The war of attrition

Posted by Fred Frailey
on Sunday, December 13, 2015

A lot of smart people who participate in this blog are busy hashing up the North American railroad network in the wake of the Canadian Pacific-Norfolk Southern imbroglio. I’m impressed by the logic you put forth for A+B and D+E and C+F, all as a result of CP+NS. Let me just suggest you are all premature. First there must be CP+NS.

It is getting late in the day for a friendly resolution of Canadian Pacific's bid to buy Norfolk Southern. A war of attrition has begun. Both railroads seem intent right now on convincing the owners of Norfolk Southern, in other words the big institutional shareholders, that theirs is the right course. Barring some breakthrough I cannot fathom, this is headed toward a vote by shareholders next spring for the NS vision of its future or that of CP. Five possible outcomes rise to the surface, and I will explain them in ascending order of likelihood.

5. Canadian Pacific is rebuffed. As I said, it appears shareholders will be asked to break the deadlock. The choice is  whether to go with Canadian Pacific or keep the faith with NS chief executive Jim Squires. Outcome number five sends CP back to Calgary. Canadian Pacific’s Hunter Harrison is dealt a stinging defeat and soon thereafter retires. Possible, yes, but I doubt it.

4. The white knight appears. In this scenario, BNSF Railway or Union Pacific races to the fore with a competing bid. Bloomberg News suggested just such an outcome after interviewing BNSF’s executive chairman, Matt Rose, late last week. There is just this little nit: I spoke to Rose just before Bloomberg did, and I am convinced Bloomberg misinterpreted Matt. BNSF will do nothing unless CP+NS goes before the Surface Transportation Board, and by then it is too late to reopen bidding. Instead, BNSF will seek conditions or look for its own merger partner (think: CSX Transportation). Union Pacific, in the meantime, is even more dead set against anyone merging with anyone, its CEO having gone so far as to proclaim this to individual STB members earlier this month. A white knight, in other words, is possible but not terribly likely.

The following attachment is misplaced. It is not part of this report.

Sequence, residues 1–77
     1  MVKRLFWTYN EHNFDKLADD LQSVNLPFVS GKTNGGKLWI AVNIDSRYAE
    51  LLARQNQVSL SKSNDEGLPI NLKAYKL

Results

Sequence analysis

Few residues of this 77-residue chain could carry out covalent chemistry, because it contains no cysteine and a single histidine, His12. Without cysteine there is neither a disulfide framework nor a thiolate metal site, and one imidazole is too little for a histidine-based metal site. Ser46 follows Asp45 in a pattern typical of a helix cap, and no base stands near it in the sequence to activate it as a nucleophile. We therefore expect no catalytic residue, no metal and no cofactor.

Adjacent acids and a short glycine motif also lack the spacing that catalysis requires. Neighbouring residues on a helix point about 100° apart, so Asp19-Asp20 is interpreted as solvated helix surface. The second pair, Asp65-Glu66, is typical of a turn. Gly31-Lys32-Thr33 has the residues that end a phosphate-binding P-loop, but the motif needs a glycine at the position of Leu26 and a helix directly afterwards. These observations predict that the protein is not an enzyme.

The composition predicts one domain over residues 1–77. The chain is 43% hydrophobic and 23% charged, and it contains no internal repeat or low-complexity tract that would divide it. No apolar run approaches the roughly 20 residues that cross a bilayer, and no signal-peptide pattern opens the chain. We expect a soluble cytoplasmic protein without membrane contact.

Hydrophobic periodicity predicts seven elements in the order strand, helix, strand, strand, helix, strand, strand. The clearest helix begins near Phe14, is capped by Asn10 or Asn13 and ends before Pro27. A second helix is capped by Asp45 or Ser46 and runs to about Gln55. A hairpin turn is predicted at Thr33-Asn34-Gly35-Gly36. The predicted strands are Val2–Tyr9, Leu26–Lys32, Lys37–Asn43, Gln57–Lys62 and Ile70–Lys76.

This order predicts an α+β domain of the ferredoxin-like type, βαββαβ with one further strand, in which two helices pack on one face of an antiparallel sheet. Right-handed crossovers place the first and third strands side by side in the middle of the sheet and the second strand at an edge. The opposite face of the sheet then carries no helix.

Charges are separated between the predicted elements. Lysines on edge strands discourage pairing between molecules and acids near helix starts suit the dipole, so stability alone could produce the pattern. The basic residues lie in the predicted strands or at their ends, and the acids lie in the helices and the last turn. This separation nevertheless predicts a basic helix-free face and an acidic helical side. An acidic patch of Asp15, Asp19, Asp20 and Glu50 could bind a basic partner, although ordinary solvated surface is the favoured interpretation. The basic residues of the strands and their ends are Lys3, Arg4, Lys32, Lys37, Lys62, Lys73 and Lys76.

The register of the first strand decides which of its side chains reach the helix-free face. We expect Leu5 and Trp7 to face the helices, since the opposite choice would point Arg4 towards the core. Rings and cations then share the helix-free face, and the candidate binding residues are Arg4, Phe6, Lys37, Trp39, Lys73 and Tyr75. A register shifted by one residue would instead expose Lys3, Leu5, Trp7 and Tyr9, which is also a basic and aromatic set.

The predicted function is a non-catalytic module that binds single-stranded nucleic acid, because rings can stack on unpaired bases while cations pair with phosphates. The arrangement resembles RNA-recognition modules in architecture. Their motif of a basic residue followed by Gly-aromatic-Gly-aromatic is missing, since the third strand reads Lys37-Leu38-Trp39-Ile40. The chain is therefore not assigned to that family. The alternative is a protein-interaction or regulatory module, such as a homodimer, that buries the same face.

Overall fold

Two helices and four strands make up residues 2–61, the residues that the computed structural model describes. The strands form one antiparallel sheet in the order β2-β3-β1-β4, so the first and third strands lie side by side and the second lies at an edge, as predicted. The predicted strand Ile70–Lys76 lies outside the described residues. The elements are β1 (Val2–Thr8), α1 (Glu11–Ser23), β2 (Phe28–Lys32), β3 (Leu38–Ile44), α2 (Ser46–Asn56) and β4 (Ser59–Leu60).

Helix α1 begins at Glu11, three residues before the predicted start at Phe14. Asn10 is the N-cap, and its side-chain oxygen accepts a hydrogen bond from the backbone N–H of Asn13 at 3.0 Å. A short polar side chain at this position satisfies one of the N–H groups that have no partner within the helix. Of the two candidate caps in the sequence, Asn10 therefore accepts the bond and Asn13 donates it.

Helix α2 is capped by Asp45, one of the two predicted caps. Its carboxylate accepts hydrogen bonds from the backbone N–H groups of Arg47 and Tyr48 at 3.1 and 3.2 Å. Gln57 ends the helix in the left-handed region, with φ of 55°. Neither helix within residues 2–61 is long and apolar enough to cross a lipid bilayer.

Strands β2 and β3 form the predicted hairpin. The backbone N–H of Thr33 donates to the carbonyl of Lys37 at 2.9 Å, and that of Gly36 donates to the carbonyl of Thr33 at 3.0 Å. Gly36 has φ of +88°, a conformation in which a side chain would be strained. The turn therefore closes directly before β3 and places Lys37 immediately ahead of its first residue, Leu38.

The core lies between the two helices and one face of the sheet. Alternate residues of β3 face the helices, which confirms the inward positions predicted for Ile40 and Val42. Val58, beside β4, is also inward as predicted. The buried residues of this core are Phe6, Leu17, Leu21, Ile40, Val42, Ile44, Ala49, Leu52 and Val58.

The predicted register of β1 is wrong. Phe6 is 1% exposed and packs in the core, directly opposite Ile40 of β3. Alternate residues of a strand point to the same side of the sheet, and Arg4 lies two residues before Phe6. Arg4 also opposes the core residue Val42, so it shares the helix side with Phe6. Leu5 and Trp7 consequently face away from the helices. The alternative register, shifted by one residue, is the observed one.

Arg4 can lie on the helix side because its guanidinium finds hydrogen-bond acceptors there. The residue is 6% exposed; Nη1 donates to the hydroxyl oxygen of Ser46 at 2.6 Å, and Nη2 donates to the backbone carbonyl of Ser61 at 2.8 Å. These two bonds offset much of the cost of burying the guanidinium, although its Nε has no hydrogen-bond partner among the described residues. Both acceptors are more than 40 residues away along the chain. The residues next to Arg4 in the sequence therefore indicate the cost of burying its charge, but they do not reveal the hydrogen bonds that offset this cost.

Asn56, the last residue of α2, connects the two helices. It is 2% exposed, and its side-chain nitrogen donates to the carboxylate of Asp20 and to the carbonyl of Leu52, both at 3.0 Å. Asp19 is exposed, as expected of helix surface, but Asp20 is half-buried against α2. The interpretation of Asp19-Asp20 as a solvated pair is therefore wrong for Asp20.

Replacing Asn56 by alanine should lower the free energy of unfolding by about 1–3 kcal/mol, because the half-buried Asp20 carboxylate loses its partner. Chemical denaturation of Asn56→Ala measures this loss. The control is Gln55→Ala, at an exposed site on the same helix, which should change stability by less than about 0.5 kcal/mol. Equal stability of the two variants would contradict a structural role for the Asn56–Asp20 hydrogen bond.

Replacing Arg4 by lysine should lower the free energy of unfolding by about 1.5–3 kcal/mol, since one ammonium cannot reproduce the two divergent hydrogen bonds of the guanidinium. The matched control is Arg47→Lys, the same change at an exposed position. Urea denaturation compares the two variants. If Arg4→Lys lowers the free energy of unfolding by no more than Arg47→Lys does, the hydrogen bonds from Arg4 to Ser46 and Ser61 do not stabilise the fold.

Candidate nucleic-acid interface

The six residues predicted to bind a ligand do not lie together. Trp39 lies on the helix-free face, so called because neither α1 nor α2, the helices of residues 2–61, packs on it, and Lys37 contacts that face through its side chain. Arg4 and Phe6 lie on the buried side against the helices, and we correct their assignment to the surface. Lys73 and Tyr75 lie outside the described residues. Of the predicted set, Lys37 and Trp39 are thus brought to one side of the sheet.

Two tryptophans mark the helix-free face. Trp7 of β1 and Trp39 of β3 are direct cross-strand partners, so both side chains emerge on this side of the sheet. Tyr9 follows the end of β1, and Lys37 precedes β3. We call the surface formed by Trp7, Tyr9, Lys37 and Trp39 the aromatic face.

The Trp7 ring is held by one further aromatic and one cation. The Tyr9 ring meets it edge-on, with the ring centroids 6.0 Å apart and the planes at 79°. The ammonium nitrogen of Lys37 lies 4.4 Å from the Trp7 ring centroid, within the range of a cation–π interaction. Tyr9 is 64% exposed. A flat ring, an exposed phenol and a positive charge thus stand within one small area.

3. NS agrees to merge. For this to happen, Canadian Pacific ally Bill Ackman, head of Pershing Square Capital Management, or another hedge fund will need to wage the sort of proxy battle among shareholders that swept former CP management out of office in 2012. The likelihood of success if high, not because I think Ackman or CP CEO Hunter Harrison is smart or NS CEO Jim Squires is dumb (all are smart people). It would succeed because everything Ackman promised CP shareholders in 2012 came to pass in terms of change at Canadian Pacific. Ackman’s creds with railroads investors are huge today. But an even bigger hurdle follows.

2. Norfolk Southern and Canadian Pacific merge. The only reason I make this the second-most-likely outcome is that it follows from the previous outcome, an agreement to merge. But there are, as Norfolk Southern warns, a lot of regulatory obstacles in the path. Let’s just say that a merger could be approved but it ain’t necessarily so. I am dubious that the regulatory challenges could be overcome.

1. Hunter Harrison runs Norfolk Southern. If Canadian Pacific allies kick the bums out at NS, so to speak, the plan is to install Harrison as chief executive at Norfolk Southern. I said two paragraphs above that it is likely CP would win a proxy contest next spring and install CP-friendly directors. While the merger case is adjudicated, Harrison would be installed as head of Norfolk Southern. He would be there whether a merger is approved by the STB or not. And that is what I think is the most likely ending.

Right now, based upon what I know, the most likely outcome is that Hunter Harrison will move to Norfolk. Less certain is that a merger will make it through the treacherous regulatory process. Even less likely is that BNSF or UP will ride in on horseback. And least likely of all is that CP will be sent packing.

That’s how I see is right now. Everything could turn on a dime, and probably will.—Fred W. Frailey

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